It was an interesting choice because one contestant was black and the other white. The song is clearly born out of the African American experience and as the music video linked here to YouTube shows, evokes the protests of the 60's at the beginning. As someone who has taken voice lessons (albeit quite a while ago) I imagined myself in the position of the white contestant. It would be a challenge for me because in order to sing a song like that, I would need to find a way to get to a certain emotional place necessary to invest something of myself as a vocalist in the art of the songwriter. But if I were the vocalist... well, I am white... And the songwriter/original performer is black and is singing from the black experience in America.
So how to do this?
I would have wanted to ask both Usher and Blacc to tell me of things which happened in their own lives which they would have reached back to for the emotions the song calls for from a vocalist. The problem is I have no idea how to go about asking questions like that without risking the questions being perceived as racist. There are many reasons for this. Some are uncomfortable for us to admit. Others are imposed on us by what I'll call the "faculty lounge" and its "academic definition" of racism.
(The music video linked here is marked 'Explicit', but I did not find anything vulgar about it.)
The Soft Racism of Invisible Barriers
Before I challenge this "academic definition" I believe we have to have something more than mere disagreement with the ideas of others. What I'll articulate here in place of the "academic definition" of racism is what I call the "soft racism of invisible barriers." We can also note the "hard racism of ill intentions," but that is pretty easy to recognize. My perception is that we have rightly pushed that mostly into the shadows of American life.
But this "soft racism of invisible barriers" is harder to see - especially for those who belong to the majority. These invisible barriers begin with questions like "What do black people think of..." If I were to ask that of a musician like Aloe Blacc I would basically make him invisible to me. All I have to do is step back and ask myself when I was last asked what "white people" think about something. It is likely I would respond with something like "I have no idea; no one appointed me to be a spokesman for white people." But I have never been asked that - noticing that is the whole point. And once we realize the foolishness of that kind of question if posed to us, the foolishness of us posing such a question to our African American friends or neighbors should be obvious.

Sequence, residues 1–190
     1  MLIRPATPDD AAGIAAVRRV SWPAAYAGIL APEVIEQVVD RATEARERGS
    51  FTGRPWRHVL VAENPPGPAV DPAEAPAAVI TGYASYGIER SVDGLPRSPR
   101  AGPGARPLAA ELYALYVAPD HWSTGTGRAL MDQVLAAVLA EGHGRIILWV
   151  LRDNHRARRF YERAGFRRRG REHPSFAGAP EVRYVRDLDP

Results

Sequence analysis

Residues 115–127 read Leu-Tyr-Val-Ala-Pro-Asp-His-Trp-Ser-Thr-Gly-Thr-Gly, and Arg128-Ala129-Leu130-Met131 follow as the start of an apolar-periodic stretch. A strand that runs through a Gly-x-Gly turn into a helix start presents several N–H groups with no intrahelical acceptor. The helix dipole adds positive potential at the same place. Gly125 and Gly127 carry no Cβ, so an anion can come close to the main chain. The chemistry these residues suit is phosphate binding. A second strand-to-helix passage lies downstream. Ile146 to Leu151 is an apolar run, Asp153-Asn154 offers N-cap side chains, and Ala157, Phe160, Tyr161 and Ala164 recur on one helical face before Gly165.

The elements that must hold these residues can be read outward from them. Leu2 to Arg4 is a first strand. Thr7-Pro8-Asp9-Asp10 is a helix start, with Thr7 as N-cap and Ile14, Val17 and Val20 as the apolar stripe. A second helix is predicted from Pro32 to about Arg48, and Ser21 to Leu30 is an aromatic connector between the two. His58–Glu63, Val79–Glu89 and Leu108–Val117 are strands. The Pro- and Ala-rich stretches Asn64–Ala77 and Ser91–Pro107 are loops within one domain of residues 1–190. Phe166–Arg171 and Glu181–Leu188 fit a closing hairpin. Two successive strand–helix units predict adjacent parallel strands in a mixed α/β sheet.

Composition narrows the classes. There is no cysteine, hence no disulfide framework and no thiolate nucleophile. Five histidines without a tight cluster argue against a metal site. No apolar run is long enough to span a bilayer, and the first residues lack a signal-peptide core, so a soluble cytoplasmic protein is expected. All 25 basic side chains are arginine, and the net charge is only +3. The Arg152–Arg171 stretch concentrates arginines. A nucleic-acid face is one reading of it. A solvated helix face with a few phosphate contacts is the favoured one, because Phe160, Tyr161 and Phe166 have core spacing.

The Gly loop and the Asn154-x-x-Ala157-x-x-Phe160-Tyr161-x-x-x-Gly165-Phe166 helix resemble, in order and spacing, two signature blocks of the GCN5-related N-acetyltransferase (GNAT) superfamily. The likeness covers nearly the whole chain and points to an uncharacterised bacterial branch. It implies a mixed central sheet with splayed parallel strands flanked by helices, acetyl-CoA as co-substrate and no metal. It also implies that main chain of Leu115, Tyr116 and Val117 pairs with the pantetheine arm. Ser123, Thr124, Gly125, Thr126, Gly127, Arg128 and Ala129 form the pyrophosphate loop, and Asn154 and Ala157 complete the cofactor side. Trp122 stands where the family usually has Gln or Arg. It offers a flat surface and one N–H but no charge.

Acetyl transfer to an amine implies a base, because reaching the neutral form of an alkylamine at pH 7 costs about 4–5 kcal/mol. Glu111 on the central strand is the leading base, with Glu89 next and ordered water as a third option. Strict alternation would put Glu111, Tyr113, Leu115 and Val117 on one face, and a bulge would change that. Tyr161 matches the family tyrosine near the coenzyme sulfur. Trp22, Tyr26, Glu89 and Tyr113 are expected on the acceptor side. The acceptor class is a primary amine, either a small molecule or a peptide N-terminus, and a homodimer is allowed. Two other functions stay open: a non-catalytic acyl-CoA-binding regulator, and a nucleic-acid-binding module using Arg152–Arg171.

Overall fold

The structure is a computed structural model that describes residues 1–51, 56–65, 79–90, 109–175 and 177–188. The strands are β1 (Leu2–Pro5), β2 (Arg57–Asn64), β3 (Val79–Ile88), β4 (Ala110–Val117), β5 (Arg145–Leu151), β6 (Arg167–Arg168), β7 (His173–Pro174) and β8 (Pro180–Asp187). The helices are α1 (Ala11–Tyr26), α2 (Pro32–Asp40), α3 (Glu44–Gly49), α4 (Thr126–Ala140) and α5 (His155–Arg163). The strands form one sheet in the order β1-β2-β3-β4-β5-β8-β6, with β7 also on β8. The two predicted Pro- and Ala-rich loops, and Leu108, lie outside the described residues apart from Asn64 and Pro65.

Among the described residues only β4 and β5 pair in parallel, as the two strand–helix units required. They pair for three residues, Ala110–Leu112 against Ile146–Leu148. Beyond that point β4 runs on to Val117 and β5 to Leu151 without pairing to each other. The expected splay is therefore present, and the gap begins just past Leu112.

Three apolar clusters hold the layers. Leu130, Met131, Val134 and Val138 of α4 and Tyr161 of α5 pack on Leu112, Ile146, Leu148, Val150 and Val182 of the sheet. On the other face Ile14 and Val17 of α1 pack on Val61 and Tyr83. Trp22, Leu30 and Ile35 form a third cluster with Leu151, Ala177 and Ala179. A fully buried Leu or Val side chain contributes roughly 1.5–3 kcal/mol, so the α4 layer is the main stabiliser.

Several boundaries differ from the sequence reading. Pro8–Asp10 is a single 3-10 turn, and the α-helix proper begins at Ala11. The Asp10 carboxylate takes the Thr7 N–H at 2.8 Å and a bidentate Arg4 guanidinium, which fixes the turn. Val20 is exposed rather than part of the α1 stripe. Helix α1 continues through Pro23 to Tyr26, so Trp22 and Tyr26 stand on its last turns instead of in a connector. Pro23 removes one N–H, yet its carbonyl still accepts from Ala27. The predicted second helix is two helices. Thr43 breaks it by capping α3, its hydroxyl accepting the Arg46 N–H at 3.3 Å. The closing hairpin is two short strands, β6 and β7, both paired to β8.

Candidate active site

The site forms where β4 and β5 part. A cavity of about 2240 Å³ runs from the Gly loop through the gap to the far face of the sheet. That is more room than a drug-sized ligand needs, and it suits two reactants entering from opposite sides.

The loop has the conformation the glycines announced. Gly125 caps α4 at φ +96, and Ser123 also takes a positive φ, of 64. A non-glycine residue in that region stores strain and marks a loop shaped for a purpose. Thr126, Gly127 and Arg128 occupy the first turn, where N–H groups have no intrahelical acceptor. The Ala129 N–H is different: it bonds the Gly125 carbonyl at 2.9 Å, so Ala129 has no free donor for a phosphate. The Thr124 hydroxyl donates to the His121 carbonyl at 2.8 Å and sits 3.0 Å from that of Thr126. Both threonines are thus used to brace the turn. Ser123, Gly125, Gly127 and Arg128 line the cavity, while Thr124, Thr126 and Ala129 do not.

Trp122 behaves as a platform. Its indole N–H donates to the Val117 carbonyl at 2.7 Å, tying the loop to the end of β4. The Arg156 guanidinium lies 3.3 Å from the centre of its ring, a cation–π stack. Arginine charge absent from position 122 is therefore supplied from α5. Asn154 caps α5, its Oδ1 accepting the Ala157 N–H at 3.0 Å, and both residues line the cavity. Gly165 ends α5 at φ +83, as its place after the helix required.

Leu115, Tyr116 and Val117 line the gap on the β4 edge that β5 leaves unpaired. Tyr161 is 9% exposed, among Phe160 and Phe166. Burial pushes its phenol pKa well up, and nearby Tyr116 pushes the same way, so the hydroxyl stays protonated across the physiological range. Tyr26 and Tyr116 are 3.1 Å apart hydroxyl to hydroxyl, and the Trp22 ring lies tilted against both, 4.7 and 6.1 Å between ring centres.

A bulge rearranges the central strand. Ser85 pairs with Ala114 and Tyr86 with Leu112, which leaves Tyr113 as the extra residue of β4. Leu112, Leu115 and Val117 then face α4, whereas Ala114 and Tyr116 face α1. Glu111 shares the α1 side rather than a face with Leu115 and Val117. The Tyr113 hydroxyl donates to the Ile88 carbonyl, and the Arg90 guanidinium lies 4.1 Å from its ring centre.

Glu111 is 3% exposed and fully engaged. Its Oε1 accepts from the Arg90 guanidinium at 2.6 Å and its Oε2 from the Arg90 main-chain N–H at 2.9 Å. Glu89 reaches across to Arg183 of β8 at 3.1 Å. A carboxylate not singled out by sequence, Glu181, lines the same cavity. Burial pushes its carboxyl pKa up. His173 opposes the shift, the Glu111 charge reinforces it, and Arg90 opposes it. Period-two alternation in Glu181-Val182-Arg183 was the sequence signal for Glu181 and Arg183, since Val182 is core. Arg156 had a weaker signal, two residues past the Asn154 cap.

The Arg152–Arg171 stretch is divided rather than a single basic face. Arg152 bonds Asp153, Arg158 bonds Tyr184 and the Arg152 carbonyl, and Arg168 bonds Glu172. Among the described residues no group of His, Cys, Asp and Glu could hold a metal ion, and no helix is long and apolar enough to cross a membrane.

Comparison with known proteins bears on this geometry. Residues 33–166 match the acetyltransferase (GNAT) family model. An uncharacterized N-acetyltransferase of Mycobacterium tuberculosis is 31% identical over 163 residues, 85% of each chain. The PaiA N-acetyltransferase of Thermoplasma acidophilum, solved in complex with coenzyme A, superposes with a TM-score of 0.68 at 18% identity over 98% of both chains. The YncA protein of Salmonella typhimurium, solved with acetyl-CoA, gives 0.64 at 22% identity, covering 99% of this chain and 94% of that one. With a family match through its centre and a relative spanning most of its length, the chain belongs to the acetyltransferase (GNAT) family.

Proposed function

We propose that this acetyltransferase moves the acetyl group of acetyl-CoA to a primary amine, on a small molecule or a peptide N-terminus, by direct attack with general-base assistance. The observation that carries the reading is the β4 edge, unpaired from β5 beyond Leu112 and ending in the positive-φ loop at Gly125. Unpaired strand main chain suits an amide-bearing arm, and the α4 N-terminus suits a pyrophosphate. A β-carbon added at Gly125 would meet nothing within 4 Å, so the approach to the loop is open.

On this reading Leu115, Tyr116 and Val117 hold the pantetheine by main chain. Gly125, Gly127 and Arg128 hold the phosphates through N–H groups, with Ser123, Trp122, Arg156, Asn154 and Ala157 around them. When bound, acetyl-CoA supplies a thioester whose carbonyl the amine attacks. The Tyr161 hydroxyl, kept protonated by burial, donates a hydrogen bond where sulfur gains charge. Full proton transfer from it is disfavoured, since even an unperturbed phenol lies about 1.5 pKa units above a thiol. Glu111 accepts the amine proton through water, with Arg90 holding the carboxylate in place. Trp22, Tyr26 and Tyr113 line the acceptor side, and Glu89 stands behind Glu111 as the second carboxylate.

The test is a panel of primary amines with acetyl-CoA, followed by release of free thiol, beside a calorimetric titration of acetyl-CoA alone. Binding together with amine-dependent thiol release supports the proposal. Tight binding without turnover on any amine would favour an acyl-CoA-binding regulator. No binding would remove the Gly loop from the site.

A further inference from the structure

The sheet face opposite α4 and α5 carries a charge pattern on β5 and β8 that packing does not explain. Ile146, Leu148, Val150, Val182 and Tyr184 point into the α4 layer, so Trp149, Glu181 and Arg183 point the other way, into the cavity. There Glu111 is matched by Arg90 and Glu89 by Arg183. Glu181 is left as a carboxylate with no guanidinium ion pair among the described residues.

It is for this reason that if I were asked to sing "I'm the man" I would need to ask Blacc about his own experience. And that would then require something important of me. I would have to allow Blacc to help me understand the significance of the American experience from his perspective, which cannot help but include a lot of difficult history. We conservatives like to insist that the American experience means something common to all of us. And I believe we are correct - the meaning of the American experience is fixed in our history and in our founding documents. But the significance of this meaning simply cannot be the same for white and black America. Pointing to slavery is the just the easiest way to illustrate this. But there is something else much more current.
The American Ideal: "Anyone Can Become President of the United States"
This is something I remember from my childhood. It is an idea we teach to our children. So consider: A white child and a black child sit next to each other in class. The same lesson is being taught by the same teacher using the same textbook. The kids have it open to pages showing pictures of past Presidents (let's imagine this is before the Obama presidency). What does the white child see? Pictures of men who look roughly like he does - or will when he is older. What does the black child see? Pictures of men whom he can never grow up to look like. The meaning of this ideal is fixed in our history and in our national identity of ideas (rather than an identity of religion and ethnicity). The significance of that meaning simply cannot be the same, however, for both children. Until now, of course.
This is not to minimize the challenges we face, as Furgeson shows us clearly, nor to suggest that somehow racism is no longer a problem. The problem, however, is not as we have been taught: It is not a problem of "white privilege"; it is a problem of human nature. If the faculty lounge insists on the "academic definition" of racism because American society was originally formed by and for a Caucasian Northern European people, this arises from the fundamental flaws of our common human nature.